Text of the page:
DETROIT -- Lewis Booth, who retires April 1 as Ford Motor Co.'s CFO, said the automaker may lose $500 million to $600 million this year in Europe where the financial crisis is exacerbating industrywide overcapacity.
"We'll continue to work on actions to improve profitability in Europe because we don't want to continue to lose money," Booth told reporters Wednesday in an exit interview at Ford's Dearborn, Michigan, headquarters.
Ford will reduce the rate of European losses with better products and by "continuing to work on our cost base," he said.
Good profit in North America should offset the European losses and provide "decent" results for years to come, Booth said.
While noting that Ford's "fundamentals" may warrant a return to an investment-grade credit rating, Booth said the automaker may not reach that threshold this year.
Booth, 63, became Ford's finance chief in November 2008, as the automaker was completing a year in which it lost a record $14.8 billion and its share price fell as low as $1.26.
The shrinking market in Europe will force automakers to finally cut factory capacity there, said Booth, who ran Ford's European operations before taking the finance role.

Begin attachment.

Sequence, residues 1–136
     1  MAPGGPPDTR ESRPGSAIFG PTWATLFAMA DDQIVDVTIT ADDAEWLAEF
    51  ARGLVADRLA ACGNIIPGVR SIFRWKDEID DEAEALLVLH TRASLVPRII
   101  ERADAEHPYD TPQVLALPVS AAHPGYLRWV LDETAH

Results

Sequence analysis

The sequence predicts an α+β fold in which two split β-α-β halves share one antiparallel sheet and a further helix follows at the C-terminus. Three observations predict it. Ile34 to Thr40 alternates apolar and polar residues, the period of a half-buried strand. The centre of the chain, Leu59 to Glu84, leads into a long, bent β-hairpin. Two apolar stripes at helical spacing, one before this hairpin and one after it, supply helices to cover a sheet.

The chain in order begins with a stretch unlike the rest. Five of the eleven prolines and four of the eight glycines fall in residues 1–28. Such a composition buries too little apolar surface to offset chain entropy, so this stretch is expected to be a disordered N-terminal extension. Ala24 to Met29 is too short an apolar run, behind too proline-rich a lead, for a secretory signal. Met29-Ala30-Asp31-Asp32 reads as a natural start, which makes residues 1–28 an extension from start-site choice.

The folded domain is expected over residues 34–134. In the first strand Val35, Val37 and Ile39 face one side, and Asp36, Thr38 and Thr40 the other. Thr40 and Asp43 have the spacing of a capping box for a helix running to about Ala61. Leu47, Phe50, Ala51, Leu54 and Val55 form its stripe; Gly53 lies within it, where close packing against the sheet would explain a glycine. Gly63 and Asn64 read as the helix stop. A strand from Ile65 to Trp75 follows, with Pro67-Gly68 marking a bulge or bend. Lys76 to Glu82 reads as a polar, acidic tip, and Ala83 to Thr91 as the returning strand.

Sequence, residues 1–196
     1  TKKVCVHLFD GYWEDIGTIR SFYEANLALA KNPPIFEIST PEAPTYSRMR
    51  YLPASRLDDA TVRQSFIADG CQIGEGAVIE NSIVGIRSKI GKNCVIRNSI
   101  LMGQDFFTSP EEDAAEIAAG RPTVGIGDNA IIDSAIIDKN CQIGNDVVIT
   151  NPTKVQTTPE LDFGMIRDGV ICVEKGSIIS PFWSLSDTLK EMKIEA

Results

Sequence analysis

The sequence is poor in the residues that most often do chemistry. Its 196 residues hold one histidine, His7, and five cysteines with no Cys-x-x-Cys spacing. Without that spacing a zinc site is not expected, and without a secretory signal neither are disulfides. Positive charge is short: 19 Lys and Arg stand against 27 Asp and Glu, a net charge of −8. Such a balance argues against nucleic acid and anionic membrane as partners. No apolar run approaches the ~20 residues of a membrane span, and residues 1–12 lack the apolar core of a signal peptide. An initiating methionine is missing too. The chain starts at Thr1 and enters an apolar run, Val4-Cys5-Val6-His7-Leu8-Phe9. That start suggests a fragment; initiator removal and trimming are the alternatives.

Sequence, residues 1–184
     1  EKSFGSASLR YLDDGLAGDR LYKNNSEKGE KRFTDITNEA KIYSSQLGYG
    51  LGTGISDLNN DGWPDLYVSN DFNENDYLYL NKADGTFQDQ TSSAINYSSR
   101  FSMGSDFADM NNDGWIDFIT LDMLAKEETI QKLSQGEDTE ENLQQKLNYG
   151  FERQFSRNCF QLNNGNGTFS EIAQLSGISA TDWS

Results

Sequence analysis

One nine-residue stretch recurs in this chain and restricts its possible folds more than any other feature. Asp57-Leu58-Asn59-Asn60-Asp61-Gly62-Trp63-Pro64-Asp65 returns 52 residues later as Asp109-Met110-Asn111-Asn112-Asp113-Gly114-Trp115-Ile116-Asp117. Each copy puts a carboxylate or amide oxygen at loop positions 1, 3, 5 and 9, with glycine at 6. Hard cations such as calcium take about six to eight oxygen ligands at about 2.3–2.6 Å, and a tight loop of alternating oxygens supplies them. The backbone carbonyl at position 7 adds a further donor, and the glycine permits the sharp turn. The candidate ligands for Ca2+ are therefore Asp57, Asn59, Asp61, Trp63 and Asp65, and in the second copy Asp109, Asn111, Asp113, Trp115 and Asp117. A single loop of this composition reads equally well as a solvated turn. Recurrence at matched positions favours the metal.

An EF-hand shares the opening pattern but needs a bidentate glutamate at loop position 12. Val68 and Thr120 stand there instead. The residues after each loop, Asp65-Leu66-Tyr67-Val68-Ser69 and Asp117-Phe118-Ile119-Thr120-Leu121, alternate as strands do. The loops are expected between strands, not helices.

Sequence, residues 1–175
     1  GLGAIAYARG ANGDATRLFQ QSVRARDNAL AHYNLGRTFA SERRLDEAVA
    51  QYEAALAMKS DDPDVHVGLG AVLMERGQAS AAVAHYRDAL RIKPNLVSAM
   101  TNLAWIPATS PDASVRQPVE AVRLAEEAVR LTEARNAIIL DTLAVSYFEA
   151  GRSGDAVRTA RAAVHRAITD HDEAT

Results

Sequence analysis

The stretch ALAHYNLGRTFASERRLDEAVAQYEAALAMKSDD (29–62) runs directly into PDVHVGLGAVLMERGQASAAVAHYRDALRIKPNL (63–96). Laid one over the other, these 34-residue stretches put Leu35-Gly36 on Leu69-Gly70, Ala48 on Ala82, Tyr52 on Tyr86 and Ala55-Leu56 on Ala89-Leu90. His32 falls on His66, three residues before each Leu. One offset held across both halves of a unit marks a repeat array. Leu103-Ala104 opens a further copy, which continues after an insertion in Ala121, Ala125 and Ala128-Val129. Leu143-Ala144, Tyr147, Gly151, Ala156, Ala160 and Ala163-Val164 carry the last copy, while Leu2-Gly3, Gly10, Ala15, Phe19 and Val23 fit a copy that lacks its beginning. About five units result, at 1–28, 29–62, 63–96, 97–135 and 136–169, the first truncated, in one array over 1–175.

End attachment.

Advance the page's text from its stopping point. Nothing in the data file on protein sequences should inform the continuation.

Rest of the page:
"The European overcapacity is well understood," Booth said. "We have to see some actions in Europe to reduce capacity."
In 2009, Booth engineered Ford's largest debt restructuring, led the sale of its Volvo luxury line to China's Zhejiang Geely Holding Group Co. in 2010 and spearheaded restoration of Ford's dividend after a 5-year-suspension.
Ford made $20.2 billion last year, boosted by a one-time gain of $12.4 billion, and it's within one level of an investment-grade credit rating.
Before becoming CFO, Booth spent 12 years running Ford's regional carmaking operations, first in South Africa, then in Asia and finally in Europe.
He engineered a turnaround at Mazda Motor Corp., at the time controlled by Ford, and overhauled the U.S. company's European car lineup.
The son of a Liverpool, England, car dealer, he likes to drive a Transit Connect delivery van with racing stripes.
"He literally knows how the entire Ford world works more than any executive we have in the company," Executive Chairman Bill Ford said in a 2009 interview.
Ford has enjoyed a "fruitful" diesel-engine alliance with PSA/Peugeot-Citroen.
On Wednesday, PSA announced an alliance with General Motors Co. GM is buying a 7 percent stake in PSA, and the two companies will cooperate on purchasing and product development, ultimately generating $2 billion in annual savings.